Yesterday Nintendo reported its financial results from the fiscal year ending on March 31, 2014. The overall results were rough and the top-selling software list was solid, but nowhere near the stratospheric highs of the previous generation.

We thought it would be interesting to see how sales of the Wii U and 3DS hardware and software stack up against legacy consoles like the Wii, GameCube, DS, and Game Boy Advance. Nintendo provides several years’ worth of this worldwide sales data to the public on its investor relations site. We crunched the numbers to provide a snapshot of how these consoles were performing at the relatively same time in their lifecycle as Wii U and 3DS are now. We also wanted to look at the top five games in each category to see how hit software stacks up individually.

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No one's expecting Wii U to catch up to the heights of the Wii, but the fact that it can't even match the GameCube's numbers is troublesome. If things continue at this rate, Wii U might never make it past 20 million sold. GameCube topped out at 21.74 million lifetime sales, coming in third place behind PlayStation 2 (155 million) and the original Xbox (24 million).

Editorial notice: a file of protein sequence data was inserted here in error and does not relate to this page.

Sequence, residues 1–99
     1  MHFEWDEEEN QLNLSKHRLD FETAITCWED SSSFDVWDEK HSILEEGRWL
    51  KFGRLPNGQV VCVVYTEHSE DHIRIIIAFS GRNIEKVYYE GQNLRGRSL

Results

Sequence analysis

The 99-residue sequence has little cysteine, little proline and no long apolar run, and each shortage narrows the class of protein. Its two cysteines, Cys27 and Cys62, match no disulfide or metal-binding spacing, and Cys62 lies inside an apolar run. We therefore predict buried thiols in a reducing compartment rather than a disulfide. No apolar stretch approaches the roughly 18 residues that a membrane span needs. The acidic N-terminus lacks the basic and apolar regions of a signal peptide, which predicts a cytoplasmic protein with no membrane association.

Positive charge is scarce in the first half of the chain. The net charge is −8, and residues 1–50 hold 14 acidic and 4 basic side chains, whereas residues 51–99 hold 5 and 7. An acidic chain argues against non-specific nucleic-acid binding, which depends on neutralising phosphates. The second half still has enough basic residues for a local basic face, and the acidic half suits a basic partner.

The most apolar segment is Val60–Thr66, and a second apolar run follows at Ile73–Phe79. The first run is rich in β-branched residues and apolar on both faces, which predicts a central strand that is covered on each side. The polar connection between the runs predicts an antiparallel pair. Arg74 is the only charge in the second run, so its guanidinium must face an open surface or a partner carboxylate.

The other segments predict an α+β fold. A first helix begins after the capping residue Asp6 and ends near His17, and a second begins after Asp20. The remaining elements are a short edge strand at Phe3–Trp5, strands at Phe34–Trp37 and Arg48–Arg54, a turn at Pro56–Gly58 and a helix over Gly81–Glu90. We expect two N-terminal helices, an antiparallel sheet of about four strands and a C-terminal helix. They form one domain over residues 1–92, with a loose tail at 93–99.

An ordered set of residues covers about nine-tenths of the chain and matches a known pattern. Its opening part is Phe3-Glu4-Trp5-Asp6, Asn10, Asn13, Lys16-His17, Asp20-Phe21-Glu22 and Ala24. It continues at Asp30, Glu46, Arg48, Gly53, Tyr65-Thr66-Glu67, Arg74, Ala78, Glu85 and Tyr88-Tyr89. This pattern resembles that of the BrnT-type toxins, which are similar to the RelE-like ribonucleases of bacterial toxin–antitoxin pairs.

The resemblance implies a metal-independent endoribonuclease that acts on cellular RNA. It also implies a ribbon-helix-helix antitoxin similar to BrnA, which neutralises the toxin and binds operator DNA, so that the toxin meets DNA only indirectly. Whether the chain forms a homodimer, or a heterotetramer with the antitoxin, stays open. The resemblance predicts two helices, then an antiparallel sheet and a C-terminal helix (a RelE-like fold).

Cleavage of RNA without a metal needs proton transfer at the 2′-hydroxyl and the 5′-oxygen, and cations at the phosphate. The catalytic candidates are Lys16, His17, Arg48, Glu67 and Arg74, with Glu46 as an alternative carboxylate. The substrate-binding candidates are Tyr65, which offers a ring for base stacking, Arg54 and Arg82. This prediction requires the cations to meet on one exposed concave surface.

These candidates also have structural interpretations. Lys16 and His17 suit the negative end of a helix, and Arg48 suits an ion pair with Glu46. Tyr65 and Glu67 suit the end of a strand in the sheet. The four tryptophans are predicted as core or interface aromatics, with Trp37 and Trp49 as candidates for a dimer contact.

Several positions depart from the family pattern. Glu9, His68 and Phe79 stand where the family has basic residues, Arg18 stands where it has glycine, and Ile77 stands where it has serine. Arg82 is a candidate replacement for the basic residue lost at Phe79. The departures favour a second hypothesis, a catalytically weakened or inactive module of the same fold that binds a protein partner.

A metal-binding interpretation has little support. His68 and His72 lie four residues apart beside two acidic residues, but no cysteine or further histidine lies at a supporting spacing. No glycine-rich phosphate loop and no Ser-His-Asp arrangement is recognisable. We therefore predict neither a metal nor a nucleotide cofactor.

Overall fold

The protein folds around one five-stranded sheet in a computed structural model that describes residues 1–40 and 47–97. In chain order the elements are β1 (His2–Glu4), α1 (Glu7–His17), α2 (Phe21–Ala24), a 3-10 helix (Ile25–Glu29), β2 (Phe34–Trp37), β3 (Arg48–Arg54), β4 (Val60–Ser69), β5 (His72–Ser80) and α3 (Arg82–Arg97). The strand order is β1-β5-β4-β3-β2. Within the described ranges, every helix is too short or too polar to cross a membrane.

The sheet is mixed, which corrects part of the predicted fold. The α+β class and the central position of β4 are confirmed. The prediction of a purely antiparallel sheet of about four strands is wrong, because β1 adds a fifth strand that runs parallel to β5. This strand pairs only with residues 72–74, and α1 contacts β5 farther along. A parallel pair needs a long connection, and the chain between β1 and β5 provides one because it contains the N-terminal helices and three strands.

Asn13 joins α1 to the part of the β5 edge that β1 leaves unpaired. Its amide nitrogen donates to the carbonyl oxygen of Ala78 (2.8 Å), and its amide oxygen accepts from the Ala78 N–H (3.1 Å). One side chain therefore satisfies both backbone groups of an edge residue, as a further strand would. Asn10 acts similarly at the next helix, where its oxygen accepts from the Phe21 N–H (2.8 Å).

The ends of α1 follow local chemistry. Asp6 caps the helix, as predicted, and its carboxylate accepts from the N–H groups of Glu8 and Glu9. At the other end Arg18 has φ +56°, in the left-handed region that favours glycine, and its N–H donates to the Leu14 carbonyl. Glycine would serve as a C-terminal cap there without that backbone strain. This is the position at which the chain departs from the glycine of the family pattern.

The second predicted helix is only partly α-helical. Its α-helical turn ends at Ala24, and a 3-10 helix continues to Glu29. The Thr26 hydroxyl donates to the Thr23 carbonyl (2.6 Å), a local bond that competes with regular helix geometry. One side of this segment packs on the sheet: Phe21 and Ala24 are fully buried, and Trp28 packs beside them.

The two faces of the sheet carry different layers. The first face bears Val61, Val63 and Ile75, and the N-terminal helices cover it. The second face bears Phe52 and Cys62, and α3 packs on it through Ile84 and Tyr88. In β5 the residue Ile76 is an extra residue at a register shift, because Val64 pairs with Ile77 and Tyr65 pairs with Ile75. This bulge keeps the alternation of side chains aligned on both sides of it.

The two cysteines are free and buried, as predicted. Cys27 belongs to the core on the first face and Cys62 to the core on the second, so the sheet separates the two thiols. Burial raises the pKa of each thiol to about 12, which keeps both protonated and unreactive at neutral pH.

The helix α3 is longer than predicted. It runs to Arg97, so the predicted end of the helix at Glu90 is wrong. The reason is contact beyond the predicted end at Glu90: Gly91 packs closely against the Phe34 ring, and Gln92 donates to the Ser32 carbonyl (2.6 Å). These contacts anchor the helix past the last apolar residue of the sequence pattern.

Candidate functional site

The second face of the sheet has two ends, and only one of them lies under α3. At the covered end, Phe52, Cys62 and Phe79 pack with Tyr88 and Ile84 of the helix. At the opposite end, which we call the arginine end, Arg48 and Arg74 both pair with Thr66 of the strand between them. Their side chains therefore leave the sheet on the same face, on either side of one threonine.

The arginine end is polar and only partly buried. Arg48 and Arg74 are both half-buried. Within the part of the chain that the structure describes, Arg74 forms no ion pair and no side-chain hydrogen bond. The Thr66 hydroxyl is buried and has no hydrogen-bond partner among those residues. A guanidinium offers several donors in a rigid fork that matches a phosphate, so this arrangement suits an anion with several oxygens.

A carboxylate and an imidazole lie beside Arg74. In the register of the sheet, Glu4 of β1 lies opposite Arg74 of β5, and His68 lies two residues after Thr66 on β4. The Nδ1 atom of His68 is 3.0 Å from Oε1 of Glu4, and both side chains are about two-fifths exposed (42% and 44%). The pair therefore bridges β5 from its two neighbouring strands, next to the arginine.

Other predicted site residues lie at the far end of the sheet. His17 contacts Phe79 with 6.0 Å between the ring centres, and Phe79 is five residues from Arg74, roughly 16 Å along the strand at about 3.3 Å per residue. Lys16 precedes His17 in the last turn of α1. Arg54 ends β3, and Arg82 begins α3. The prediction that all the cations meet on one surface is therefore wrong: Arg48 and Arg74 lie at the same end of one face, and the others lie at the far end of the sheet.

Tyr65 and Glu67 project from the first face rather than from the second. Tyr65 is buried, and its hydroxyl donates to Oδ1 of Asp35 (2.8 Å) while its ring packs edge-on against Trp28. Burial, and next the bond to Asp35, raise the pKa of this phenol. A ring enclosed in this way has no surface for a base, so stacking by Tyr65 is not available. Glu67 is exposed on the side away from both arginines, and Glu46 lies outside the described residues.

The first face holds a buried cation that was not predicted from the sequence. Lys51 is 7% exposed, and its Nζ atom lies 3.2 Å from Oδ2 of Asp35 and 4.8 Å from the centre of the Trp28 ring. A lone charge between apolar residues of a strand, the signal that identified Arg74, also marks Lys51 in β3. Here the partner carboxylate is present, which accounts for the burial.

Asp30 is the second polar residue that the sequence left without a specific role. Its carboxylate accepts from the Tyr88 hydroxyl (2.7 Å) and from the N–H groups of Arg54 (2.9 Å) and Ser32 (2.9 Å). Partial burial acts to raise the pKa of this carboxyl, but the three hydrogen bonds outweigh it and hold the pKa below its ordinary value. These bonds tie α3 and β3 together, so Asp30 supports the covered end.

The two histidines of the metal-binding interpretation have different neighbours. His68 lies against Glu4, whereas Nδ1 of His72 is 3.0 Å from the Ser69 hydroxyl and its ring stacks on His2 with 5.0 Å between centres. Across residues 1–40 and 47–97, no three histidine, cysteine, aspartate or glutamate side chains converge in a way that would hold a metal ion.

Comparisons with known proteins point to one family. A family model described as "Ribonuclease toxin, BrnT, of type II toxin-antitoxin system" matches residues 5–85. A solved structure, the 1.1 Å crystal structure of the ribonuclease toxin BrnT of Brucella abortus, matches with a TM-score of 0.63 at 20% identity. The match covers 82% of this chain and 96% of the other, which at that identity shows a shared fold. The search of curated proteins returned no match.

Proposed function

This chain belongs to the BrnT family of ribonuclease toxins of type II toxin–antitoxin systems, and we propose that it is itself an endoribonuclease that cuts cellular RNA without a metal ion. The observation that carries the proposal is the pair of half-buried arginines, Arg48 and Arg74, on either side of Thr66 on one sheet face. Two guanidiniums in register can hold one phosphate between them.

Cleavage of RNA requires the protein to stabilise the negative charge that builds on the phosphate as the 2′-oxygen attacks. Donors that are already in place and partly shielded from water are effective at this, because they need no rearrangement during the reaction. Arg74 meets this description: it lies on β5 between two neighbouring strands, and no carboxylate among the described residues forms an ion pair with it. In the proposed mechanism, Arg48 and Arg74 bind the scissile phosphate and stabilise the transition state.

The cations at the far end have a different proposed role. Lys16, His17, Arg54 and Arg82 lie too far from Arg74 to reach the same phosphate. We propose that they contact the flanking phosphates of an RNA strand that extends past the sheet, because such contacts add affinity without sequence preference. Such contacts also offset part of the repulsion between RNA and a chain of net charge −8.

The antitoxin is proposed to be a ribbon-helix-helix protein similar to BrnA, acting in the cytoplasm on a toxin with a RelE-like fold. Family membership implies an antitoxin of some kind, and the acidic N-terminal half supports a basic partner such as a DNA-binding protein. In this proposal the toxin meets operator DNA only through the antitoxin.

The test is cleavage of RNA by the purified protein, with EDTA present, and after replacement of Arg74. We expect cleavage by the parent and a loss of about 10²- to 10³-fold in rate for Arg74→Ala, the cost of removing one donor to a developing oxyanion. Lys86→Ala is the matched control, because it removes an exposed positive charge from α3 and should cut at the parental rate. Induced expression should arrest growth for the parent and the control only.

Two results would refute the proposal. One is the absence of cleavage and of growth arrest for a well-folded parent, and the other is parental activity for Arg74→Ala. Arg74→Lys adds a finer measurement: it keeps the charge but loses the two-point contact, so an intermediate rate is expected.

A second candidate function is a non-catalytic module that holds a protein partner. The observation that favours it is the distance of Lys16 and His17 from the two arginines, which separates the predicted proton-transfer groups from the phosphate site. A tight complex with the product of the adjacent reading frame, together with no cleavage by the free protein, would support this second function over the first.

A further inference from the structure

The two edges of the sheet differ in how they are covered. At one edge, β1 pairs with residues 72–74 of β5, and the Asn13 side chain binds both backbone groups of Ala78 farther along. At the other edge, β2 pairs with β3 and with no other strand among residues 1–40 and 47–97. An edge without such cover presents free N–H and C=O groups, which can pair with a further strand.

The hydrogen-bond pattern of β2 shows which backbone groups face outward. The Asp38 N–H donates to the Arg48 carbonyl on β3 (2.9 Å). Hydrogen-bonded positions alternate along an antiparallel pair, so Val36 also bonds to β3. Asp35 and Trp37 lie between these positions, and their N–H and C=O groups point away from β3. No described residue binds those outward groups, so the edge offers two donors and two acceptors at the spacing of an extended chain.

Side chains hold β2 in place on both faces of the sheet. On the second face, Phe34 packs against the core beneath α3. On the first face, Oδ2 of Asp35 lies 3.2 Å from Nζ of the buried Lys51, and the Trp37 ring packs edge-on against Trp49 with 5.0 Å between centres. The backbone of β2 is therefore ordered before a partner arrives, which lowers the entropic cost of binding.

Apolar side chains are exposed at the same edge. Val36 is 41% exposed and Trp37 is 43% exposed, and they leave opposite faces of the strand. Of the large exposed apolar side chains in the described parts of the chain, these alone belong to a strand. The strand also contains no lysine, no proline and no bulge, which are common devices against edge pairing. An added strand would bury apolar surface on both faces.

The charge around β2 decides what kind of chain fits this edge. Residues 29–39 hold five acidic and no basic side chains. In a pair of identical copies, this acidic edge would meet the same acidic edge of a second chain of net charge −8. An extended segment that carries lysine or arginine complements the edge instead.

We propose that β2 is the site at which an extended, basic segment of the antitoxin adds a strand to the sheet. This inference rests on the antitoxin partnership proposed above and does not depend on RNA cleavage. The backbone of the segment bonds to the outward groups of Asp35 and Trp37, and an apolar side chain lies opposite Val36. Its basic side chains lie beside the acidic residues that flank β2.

The DS popularized touchscreen gameplay long before everyone was playing them on smartphones. That fact, its massive library of quality games and regularly evolving hardware made the DS Nintendo's most successful console of all time. Comparing the 3DS to the Game Boy Advance shows that, despite consumers' lack of interest in the system's 3D visuals, it's keeping pace, especially considering heavy competition from mobile and tablet gaming.

A lot of the drastic difference shown between the sales of the top Wii and Wii U games is simply due to the markedly lower install base. However, Wii U is also suffering from a lower attach rate (number of games bought per consoles sold) at 5.23 versus the Wii's 6.08 rating at same time in its life cycle.

Over three years in, the top 3DS games are outdone by the DS blockbusters at the same time in its lifecycle, but they're still putting up impressive numbers. Attach rate dropped from the DS' 5.11 at that time to 3DS' 3.76, but Nintendo's current portable slightly edges out the Game Boy Advance's 3.58 rate.


Despite these stats, Nintendo is determined to turn things around by sticking with its current consoles this E3 and launching a handful of exclusive big guns this year, with Super Smash Bros. leading the way on portable and home consoles.